However, The New York Times reports that the bill doesn’t address the shortfall in financing for the Federal Highway Trust Fund, which has been dwindling for years because it relies on the federal gas tax.

Interestingly, Clinton’s program fails to deal with this as well, since nobody wants to talk about raising taxes in an election year – or any year, in this era.

In other news …

Speaking of Clinton’s two-day fundraising swirl in Florida, the Republican National Committee took a shot at the hostess of her first stop in Miami Beach.

• • •

On World AIDS Day, the city of Tampa unveiled its new and improved AIDS Memorial Park.

• • •

Tampa denizens woke up to the news that excited some, and no doubt bored others, but hey, Channelside is getting a Publix!

• • •

Pinellas County U.S. Rep. David Jolly was scheduled to take his delayed honeymoon to Paris — right after the terrorist attacks occurred. He and his new wife went anyway … read his take here.

• • •

And might we get rid of the 140-year-plus law in Florida banning unmarried couples from living together? 

Bill to repeal shacking up ban unanimously passes in committee

Florida is one of only three states that still has a law on the books prohibiting men and women from living together if they are not married. Attempts in 2011 and again in this year’s regular Legislative Session to repeal it failed, but Hollywood Democratic state Sen. Eleanor Sobel hopes it finally will happen in 2016.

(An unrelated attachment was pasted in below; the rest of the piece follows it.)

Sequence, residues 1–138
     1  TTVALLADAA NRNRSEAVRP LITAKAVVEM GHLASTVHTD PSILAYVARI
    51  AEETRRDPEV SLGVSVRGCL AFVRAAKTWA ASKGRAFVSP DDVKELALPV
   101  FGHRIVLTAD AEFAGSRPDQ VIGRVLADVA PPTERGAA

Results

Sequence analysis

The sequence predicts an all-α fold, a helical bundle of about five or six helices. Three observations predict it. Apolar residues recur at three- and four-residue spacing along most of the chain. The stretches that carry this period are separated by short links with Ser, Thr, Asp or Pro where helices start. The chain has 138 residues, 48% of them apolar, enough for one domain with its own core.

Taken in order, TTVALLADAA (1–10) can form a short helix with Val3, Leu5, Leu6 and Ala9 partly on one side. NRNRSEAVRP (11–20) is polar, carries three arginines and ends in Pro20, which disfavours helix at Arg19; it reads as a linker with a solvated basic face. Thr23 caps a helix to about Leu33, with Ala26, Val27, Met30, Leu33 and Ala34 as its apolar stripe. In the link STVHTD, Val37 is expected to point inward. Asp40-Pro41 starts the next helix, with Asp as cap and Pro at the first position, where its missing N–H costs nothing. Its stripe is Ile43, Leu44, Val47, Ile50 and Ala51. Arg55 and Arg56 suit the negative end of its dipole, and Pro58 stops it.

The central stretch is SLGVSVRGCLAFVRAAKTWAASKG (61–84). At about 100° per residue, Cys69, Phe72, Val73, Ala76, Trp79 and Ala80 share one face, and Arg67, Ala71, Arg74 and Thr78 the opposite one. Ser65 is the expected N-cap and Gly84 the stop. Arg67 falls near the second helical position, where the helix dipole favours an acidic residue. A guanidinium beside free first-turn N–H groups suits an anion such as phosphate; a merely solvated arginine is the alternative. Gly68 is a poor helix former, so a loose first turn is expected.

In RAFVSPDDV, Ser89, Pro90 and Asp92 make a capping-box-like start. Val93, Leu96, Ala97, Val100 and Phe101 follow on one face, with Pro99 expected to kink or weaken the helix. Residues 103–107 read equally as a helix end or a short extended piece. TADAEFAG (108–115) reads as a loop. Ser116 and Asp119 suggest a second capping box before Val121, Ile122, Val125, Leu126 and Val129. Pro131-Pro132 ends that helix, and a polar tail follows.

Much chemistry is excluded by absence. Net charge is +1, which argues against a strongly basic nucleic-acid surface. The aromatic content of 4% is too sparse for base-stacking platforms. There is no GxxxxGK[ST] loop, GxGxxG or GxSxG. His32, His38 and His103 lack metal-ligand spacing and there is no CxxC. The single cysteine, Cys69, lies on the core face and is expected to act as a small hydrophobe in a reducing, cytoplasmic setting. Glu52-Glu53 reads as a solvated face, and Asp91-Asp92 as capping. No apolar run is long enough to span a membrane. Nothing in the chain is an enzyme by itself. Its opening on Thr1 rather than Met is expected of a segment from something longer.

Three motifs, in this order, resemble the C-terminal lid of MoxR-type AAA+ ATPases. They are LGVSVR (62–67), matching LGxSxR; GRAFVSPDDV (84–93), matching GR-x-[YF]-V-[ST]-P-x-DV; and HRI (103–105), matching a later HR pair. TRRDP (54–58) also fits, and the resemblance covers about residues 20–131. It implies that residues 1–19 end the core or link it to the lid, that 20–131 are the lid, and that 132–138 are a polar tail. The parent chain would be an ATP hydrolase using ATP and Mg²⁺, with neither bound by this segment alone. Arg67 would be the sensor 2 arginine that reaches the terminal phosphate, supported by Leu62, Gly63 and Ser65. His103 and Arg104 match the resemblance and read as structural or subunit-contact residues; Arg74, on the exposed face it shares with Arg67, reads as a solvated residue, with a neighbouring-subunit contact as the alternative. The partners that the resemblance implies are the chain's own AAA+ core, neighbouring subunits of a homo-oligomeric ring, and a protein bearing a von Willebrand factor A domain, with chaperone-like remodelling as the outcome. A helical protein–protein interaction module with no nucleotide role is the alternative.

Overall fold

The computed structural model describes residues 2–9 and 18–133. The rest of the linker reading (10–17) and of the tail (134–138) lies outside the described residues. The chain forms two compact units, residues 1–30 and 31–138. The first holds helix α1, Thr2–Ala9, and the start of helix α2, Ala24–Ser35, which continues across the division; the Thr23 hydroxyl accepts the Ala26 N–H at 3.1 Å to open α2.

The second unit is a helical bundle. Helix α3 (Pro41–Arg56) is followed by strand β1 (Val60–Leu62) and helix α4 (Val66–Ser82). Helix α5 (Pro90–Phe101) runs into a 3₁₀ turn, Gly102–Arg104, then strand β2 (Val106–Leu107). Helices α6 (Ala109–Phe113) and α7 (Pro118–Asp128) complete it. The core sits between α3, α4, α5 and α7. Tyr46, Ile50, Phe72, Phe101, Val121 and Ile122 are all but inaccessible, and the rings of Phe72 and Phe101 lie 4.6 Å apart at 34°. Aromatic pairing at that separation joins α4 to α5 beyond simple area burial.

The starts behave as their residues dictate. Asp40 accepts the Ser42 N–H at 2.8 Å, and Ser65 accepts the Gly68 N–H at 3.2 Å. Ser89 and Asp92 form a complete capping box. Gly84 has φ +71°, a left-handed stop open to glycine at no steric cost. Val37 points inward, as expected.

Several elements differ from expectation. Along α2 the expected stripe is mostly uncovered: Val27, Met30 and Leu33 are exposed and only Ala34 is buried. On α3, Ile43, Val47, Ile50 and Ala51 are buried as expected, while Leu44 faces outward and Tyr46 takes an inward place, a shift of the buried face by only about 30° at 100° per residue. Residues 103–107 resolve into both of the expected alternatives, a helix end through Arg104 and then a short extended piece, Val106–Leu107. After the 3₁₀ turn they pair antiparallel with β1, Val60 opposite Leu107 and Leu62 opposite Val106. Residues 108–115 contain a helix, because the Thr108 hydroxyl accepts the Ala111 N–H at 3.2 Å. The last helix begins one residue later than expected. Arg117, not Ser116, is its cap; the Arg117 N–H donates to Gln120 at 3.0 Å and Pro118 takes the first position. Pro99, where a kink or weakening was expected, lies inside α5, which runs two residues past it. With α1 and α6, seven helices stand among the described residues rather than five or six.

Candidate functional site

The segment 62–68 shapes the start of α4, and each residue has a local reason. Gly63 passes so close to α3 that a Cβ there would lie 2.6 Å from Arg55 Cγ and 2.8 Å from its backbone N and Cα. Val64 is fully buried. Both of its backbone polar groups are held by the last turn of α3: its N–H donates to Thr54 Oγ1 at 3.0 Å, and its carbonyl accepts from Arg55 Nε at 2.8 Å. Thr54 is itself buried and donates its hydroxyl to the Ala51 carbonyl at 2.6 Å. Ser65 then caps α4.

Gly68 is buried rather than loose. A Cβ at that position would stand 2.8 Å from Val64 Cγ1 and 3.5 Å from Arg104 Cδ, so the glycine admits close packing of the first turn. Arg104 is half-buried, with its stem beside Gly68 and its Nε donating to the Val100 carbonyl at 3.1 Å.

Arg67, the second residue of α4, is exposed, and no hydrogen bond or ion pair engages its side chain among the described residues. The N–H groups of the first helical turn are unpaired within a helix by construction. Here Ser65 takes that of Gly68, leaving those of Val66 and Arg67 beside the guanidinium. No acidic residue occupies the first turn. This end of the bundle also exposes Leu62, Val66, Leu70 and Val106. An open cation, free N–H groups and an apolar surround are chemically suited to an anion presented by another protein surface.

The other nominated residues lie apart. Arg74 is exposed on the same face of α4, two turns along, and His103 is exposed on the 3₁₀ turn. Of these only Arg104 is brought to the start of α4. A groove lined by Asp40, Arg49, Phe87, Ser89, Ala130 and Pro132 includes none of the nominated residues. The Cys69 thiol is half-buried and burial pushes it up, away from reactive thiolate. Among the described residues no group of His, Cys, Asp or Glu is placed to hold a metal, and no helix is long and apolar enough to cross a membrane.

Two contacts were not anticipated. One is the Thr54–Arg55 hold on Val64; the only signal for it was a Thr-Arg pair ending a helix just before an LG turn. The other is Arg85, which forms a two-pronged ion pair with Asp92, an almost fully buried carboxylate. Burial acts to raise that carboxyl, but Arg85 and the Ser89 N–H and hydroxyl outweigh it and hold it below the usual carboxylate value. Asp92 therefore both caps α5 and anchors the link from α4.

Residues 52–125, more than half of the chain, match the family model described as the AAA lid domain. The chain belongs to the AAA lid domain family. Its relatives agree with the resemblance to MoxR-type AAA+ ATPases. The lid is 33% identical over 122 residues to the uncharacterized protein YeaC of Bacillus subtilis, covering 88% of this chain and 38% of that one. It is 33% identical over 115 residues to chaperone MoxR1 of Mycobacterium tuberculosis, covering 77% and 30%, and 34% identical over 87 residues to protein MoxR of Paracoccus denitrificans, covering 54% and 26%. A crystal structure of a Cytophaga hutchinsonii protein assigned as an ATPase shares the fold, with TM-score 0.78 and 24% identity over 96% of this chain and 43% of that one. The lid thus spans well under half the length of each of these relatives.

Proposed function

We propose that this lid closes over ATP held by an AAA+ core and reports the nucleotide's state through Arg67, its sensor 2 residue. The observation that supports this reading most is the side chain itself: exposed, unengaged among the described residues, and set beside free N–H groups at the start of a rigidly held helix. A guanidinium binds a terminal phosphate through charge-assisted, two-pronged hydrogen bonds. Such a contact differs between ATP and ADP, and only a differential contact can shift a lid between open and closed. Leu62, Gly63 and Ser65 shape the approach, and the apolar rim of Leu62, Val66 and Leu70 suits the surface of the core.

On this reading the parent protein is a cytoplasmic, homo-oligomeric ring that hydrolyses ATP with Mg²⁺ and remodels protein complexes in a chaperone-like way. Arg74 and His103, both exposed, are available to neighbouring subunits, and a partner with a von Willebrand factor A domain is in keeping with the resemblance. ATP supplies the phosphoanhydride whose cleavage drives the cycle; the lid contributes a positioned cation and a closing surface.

On Tuesday the Senate Judiciary Committee voted unanimously to support Sobel’s proposal (SB 498).

The law now states that a couple found to be “living in sin” could be charged with a second-degree misdemeanor that could result in a $500 fine or 60 days in a local jail.

The law was written in 1868.

“Times have changed,” Sobel told the committee. “Currently, over half-a-million couples in Florida are breaking this law as we speak. The government should not intrude in the private lives of two consenting adults.”

The bill is moving forward in the House as well, where it’s being sponsored by Democratic state Rep. Michelle Rehwinkel Vaslinda of Tallahassee, HB 4003.

However, there has been opposition there to a repeal. In September, Republican Reps. Dennis Baxley of Ocala, Ross Spano of Riverview, and Charles Van Zant of Palatka were the only members of the 13-member The House Criminal Justice Subcommittee subcommittee who voted against the bill, citing moral reasons.